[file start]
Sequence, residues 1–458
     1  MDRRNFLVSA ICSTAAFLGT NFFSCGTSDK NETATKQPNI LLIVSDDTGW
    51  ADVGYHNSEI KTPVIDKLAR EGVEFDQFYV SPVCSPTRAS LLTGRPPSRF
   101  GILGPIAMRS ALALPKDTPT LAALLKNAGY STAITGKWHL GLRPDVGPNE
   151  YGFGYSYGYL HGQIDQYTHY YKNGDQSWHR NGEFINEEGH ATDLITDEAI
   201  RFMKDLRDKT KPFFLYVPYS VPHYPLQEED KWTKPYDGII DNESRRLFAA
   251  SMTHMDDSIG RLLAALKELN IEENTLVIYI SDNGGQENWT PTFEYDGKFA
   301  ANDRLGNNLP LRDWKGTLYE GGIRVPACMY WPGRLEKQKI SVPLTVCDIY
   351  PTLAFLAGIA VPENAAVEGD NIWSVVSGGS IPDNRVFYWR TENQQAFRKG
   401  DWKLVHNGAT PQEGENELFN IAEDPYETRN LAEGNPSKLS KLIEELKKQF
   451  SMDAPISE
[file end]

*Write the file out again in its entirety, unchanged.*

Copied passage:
Sequence, residues 1–458
     1  MDRRNFLVSA ICSTAAFLGT NFFSCGTSDK NETATKQPNI LLIVSDDTGW
    51  ADVGYHNSEI KTPVIDKLAR EGVEFDQFYV SPVCSPTRAS LLTGRPPSRF
   101  GILGPIAMRS ALALPKDTPT LAALLKNAGY STAITGKWHL GLRPDVGPNE
   151  YGFGYSYGYL HGQIDQYTHY YKNGDQSWHR NGEFINEEGH ATDLITDEAI
   201  RFMKDLRDKT KPFFLYVPYS VPHYPLQEED KWTKPYDGII DNESRRLFAA
   251  SMTHMDDSIG RLLAALKELN IEENTLVIYI SDNGGQENWT PTFEYDGKFA
   301  ANDRLGNNLP LRDWKGTLYE GGIRVPACMY WPGRLEKQKI SVPLTVCDIY
   351  PTLAFLAGIA VPENAAVEGD NIWSVVSGGS IPDNRVFYWR TENQQAFRKG
   401  DWKLVHNGAT PQEGENELFN IAEDPYETRN LAEGNPSKLS KLIEELKKQF
   451  SMDAPISE